1. Joined
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    14 Feb '14 17:581 edit
    At first I thought this must be a joke but this doesn't look like a joke! :

    http://phys.org/news/2014-02-americans-unaware-earth-circles-sun.html

    "...Americans are enthusiastic about the promise of science but lack basic knowledge of it, with one in four unaware that the Earth revolves around the Sun, said a poll out Friday.

    The survey included more than 2,200 people in the United States and was conducted by the National Science Foundation.

    Ten questions about physical and biological science were on the quiz, and the average score—6.5 correct—was barely a passing grade.

    Just 74 percent of respondents knew that the Earth revolved around the Sun, according to the results released at the American Association for the Advancement of Science meeting in Chicago.
    ..."

    Oh come on, that means 26% don't know this? really? what, do 26% think the sun orbits the Earth!?
    I hope that isn't really true because that's really shameful if true!
    And there is yet more shameful ignorance revealed:

    "...

    Fewer than half (48 percent) knew that human beings evolved from earlier species of animals.

    The result of the survey, which is conducted every two years, will be included in a National Science Foundation report to President Barack Obama and US lawmakers.

    One in three respondents said science should get more funding from the government.
    ..."

    This is just appalling!

    But the link at least then gives a tiny bit of consolation with:

    "...Nearly 90 percent said the benefits of science outweigh any dangers, and about the same number expressed interest in learning about medical discoveries.

    ..."
  2. Subscriberjoe shmo
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    14 Feb '14 21:20
    Originally posted by humy
    At first I thought this must be a joke but this doesn't look like a joke! :

    http://phys.org/news/2014-02-americans-unaware-earth-circles-sun.html

    "...Americans are enthusiastic about the promise of science but lack basic knowledge of it, with one in four unaware that the Earth revolves around the Sun, said a poll out Friday.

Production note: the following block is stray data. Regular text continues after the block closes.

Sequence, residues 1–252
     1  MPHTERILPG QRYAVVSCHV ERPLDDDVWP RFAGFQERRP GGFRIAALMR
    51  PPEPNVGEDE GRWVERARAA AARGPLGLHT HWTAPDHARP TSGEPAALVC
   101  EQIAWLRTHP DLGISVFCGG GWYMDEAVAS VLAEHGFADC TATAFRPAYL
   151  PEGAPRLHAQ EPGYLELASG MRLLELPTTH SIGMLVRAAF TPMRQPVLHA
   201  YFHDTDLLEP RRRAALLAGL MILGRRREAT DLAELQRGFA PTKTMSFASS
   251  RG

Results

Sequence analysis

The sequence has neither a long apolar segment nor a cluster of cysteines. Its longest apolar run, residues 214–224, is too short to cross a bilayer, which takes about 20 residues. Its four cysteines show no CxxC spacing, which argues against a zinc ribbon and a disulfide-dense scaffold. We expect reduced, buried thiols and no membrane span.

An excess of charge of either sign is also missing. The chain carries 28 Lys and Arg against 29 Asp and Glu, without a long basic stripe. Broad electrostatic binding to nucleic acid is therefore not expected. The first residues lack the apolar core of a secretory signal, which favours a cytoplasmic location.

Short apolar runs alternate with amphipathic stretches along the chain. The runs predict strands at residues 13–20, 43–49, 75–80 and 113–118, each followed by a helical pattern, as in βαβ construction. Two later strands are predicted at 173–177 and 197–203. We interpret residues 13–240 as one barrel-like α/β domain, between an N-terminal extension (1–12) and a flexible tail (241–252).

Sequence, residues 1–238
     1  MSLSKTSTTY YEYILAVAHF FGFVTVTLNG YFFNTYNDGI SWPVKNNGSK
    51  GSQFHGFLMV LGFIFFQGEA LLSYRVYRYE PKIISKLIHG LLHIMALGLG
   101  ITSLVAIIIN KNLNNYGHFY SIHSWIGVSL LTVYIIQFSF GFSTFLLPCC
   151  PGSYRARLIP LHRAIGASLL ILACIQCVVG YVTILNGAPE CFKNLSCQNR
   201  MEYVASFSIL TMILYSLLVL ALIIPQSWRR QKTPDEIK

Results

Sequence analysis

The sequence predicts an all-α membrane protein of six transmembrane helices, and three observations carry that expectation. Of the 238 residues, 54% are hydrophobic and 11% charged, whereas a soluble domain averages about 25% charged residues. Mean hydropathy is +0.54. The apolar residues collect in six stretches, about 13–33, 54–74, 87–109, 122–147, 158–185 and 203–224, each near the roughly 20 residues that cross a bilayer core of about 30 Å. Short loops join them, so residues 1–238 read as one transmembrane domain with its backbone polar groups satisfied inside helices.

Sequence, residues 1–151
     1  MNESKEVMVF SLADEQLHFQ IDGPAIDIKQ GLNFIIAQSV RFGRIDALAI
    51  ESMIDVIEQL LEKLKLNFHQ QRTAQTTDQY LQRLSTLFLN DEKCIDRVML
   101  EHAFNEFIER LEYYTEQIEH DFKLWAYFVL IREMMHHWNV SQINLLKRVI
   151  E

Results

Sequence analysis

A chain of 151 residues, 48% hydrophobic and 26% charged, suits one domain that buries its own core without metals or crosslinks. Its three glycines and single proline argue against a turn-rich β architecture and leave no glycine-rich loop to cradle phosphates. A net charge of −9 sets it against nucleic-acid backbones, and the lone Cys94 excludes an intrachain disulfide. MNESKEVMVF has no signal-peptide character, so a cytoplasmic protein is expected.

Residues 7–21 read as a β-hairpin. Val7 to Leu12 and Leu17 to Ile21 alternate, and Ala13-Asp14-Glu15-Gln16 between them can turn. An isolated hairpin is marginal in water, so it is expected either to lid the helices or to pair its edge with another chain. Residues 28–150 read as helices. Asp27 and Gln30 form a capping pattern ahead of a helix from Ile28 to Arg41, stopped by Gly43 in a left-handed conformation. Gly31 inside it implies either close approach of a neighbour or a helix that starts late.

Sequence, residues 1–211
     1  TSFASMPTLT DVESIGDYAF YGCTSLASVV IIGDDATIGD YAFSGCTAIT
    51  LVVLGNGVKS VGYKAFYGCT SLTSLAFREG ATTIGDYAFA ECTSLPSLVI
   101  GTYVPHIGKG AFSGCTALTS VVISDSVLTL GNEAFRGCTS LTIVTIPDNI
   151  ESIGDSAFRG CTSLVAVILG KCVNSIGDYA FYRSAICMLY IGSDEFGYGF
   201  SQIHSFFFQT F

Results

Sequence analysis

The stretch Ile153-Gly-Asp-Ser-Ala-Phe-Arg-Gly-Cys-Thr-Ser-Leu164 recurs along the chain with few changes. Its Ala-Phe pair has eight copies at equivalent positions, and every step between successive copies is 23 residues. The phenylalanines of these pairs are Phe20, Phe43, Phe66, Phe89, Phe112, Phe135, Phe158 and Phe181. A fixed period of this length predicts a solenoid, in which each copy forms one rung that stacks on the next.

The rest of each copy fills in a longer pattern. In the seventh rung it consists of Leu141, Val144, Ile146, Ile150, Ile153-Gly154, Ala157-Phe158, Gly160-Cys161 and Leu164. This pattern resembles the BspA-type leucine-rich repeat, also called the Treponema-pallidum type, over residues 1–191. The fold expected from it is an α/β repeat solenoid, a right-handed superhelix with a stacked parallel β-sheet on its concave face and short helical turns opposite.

The survey included more th ...[text shortened]... ers, and about the same number expressed interest in learning about medical discoveries.

    ..."
    26% of the 2,200 people...seems like a small sample to make a claim that 26% of the entire population would get it wrong.

    Also, where was the sample taken?

    I imagine the truth would be disappointing about how many actually do not know that information, but 26%...no way.
  3. Standard memberfinnegan
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    14 Feb '14 21:33
    Originally posted by joe shmo
    26% of the 2,200 people...seems like a small sample to make a claim that 26% of the entire population would get it wrong.

    Also, where was the sample taken?

    I imagine the truth would be disappointing about how many actually do not know that information, but 26%...no way.
    So what per cent of Americans (or Brits or chess players etc) understand how statistical sampling can provide credible information about the whole population?
  4. Subscriberjoe shmo
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    14 Feb '14 21:58
    Originally posted by finnegan
    So what per cent of Americans (or Brits or chess players etc) understand how statistical sampling can provide credible information about the whole population?
    I assume that you are saying that sample is adequate for a population of 300,000,000?
  5. Subscriberjoe shmo
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    14 Feb '14 22:19
    http://www.surveysystem.com/sscalc.htm

    because according to this site, with a confidence interval/levels of 95% they should have sampled around 11,000